With ‘brand new elbow,’ Robbie Ray excited to help SF Giants

For the fifth time in his career, Robbie Ray has a new team.

For the fourth time in his life, he has a new child.

And for the second time, he said, “it feels like I have a brand-new elbow.”

“Because not only did I get Tommy John but I got flexor tendon surgery as well, so I got a full reconstruction,” Ray said Friday, introduced over Zoom three weeks after the San Francisco Giants acquired him from the Mariners for Mitch Haniger and Anthony DeSclafani.

Ray had good reason for the delay.

Five days after the trade, his wife, Taylor, gave birth to their second daughter, Sophia, on January 10.

“It’s been kind of a whirlwind,” Ray, 32, said. “But my wife is awesome. … We’ve been together for over 10 years. She’s my rock, for sure.”

It will take some more time before the Giants can pencil the 2021 American League Cy Young winner into their rotation.

A season after claiming the award — and signing a free-agent contract that has three years, $73 million and an opt-out clause after this season remaining on it — Ray made one start, felt discomfort in his elbow and was told his flexor tendon required surgery. Upon further inspection, it turned out to be worse. The ulnar collateral ligament also needed to be repaired — Tommy John surgery.

Almost nine months removed from the operation, Ray said he is “feeling really good.”

Working out at the Giants’ facilities in Arizona, Ray is scheduled to extend his long toss program to 120 feet for the first time Saturday.

“Tentatively sometime early in spring training, get off the mound. Nice and easy, feel the slope,” Ray said. “And then, best case scenario after the All-Star break, make a return.”

When Farhan Zaidi acquired Ray (swinging a deal with, you guessed it, Jerry Dipoto), he did so with the knowledge that he wasn’t filling a hole in the Opening Day rotation — hello, Jordan Hicks — but with the hope that he was finding a long-term partner at the top of the rotation for Logan Webb.

At full strength, Ray is a left-handed power pitcher, an ideal foil to Webb’s ground ball-oriented approach from the opposite side. Using just two pitches — fastball-slider — he ran double-digit rates of strikeouts per nine innings for seven consecutive seasons until his injury while averaging 169 innings per year (excluding the COVID-shortened 2020 season).

Ray, however, has translated that swing-and-miss ability into a sub-3.50 ERA only twice in eight full major-league seasons. But it all came together in 2021, when he led the AL with a 2.84 ERA, 193⅓ innings and 248 strikeouts — some might call it the modern-day pitcher’s triple crown — while earning 29 of 30 first-place Cy Young votes.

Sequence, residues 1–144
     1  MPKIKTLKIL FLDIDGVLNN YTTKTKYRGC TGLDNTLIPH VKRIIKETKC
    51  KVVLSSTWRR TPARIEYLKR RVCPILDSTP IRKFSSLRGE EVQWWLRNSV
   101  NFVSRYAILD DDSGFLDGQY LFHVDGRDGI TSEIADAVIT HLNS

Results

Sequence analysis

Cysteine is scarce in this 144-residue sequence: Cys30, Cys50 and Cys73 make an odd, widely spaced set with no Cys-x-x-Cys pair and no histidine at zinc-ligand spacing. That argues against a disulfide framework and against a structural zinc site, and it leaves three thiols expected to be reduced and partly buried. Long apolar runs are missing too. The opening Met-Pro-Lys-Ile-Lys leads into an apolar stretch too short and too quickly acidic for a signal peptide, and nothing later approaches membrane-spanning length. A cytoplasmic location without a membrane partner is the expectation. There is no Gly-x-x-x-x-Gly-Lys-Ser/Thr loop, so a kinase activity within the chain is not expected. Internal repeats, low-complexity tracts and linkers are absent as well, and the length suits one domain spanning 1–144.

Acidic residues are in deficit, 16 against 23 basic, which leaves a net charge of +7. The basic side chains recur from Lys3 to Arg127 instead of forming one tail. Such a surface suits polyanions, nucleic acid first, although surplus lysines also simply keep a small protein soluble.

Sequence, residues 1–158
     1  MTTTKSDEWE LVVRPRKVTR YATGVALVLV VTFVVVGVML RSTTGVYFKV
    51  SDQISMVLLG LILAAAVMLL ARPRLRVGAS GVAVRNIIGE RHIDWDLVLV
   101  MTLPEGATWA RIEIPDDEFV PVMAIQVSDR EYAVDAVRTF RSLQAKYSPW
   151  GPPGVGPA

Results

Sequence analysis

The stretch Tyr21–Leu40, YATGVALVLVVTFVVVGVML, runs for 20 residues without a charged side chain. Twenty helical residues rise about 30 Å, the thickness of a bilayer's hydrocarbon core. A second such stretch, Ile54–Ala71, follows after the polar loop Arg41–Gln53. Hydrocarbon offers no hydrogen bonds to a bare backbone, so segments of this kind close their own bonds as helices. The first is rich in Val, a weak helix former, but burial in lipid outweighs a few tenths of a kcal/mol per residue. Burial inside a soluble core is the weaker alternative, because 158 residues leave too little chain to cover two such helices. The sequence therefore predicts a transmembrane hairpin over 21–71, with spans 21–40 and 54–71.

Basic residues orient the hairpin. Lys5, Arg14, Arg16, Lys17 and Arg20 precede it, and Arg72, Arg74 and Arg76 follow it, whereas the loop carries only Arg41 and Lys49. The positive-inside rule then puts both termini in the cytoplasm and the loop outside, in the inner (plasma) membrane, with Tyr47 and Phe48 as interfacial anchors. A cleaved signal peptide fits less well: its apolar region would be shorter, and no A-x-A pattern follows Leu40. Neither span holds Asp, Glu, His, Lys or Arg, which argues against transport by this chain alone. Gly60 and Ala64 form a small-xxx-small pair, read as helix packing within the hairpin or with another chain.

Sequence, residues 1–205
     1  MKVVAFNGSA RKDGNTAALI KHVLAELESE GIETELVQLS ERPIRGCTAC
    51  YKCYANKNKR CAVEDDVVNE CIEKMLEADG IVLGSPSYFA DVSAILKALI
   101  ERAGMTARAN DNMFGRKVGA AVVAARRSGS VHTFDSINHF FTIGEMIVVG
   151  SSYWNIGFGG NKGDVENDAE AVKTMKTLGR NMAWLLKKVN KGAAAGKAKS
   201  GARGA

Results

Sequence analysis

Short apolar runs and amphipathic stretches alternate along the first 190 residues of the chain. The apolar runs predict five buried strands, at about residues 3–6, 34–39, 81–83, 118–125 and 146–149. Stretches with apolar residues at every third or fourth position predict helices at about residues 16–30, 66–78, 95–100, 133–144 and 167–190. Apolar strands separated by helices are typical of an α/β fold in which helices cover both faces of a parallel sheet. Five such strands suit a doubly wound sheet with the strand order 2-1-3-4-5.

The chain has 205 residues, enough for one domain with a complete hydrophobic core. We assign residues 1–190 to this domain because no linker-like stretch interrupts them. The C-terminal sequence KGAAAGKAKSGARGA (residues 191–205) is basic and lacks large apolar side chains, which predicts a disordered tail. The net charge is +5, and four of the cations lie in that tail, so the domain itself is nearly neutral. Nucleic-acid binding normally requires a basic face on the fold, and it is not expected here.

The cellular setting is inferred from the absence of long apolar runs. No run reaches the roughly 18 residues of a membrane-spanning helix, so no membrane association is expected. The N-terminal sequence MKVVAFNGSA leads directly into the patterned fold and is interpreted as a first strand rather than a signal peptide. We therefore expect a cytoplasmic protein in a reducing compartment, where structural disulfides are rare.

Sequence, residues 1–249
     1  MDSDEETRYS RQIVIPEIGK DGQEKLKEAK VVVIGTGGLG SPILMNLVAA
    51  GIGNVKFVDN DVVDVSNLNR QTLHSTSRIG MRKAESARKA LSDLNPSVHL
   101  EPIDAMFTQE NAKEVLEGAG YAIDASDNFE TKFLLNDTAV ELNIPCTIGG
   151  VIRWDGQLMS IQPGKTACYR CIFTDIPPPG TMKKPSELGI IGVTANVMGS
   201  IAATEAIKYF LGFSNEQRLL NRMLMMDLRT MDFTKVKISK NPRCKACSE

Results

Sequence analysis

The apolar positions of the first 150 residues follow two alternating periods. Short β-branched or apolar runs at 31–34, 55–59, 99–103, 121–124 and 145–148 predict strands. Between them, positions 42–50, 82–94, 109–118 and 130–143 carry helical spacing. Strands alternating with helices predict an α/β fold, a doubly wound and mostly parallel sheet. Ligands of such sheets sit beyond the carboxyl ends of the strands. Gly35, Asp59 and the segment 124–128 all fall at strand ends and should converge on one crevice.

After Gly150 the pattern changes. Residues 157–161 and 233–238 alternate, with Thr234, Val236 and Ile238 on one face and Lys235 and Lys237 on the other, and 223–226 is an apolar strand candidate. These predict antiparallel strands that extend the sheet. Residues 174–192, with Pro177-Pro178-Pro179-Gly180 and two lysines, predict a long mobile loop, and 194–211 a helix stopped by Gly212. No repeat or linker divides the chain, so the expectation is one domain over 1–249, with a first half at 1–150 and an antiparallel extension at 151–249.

“I think for me it was just a culmination of the mental and physical side of baseball that just came together all at once,” Ray said, thinking back to his Cy Young season. “I feel like I always had the mentality of being able to go deep into games and get the strikeout when I needed to, but it didn’t always add up because physically I wasn’t able to do it, whether it was a limitation with my delivery or whatever it was.

“I think in ‘21, my body was physically where it needed to be and my mind still had that same mindset of I’m just gonna go out and attack guys because I know my stuff is better than yours.”

While Ray rehabs his way back, he hopes, all the way to that 2021 form, the Giants understand they have half-a-season’s worth of starts to fill in the meantime.

They will get Alex Cobb (hip) back around the same time, if not a little earlier, providing Ray a convenient rehab partner. Their relationship dates back “a few years,” Ray said, and “we do rehab everyday together pretty much.”

Ray also heard from and has met Logan Webb, who heads up a rotation that might seem light to start the season. After him and Ross Stripling, the group has combined to make 23 major-league starts. But Ray likes what he has seen since he joined the organization earlier this month.

“It seems like there are some really good young arms here,” Ray said. “I’ve gotten to watch some of them throw a couple of bullpens now. I’ve been able to watch Logan throw; obviously he’s a special talent. Got to watch Hicks throw off the mound today; his stuff is just explosive and it’s really fun to watch him, too. I think we’re in a really good spot as far as it goes with arms.”

That’s not to say the roster is necessarily sufficient.

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As a pitcher, with the likes of Matt Chapman, Cody Bellinger and other top free agents still available, it’s only natural to think about your run support. The Giants, after all, scored fewer than all but six teams last season, and the only major addition to the lineup has been Jung Hoo Lee.

“We could probably add a few bats. We could add a couple bats,” Ray said. “It couldn’t hurt. But I think as far as arms go, we’ve got the arms to do it.”

The looming question: the opt-out clause.

Ray will have the opportunity to pass up the remaining two years and $50 million he’s owed after this season for a potentially bigger payday on the open market. But given a return around the All-Star break, that gives him only two months to shake off the rust from a year-and-a-half layoff.

“I think for me my number one goal is to get healthy. That’s kind of my main focus,” Ray said. “I think everything else kind of falls into place once I do get healthy. … So far my interactions with everybody have been great. I think my main focus is just getting healthy first before I can make any kind of decision like that.”

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